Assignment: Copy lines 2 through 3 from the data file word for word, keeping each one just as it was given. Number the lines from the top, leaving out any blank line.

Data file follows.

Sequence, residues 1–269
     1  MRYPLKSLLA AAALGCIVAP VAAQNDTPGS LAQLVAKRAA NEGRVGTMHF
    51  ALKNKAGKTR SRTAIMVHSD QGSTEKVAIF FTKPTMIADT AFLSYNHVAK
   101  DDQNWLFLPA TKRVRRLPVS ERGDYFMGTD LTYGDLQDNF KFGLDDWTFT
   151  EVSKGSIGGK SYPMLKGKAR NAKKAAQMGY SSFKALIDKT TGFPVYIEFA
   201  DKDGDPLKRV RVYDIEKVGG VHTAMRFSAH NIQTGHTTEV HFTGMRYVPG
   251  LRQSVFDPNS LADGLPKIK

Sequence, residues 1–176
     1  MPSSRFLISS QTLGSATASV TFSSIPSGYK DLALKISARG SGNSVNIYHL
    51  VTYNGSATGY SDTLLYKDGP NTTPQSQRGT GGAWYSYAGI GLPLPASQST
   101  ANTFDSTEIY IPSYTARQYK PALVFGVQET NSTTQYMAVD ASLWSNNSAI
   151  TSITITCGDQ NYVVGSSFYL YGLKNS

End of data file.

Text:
     1  MRYPLKSLLA AAALGCIVAP VAAQNDTPGS LAQLVAKRAA NEGRVGTMHF
    51  ALKNKAGKTR SRTAIMVHSD QGSTEKVAIF FTKPTMIADT AFLSYNHVAK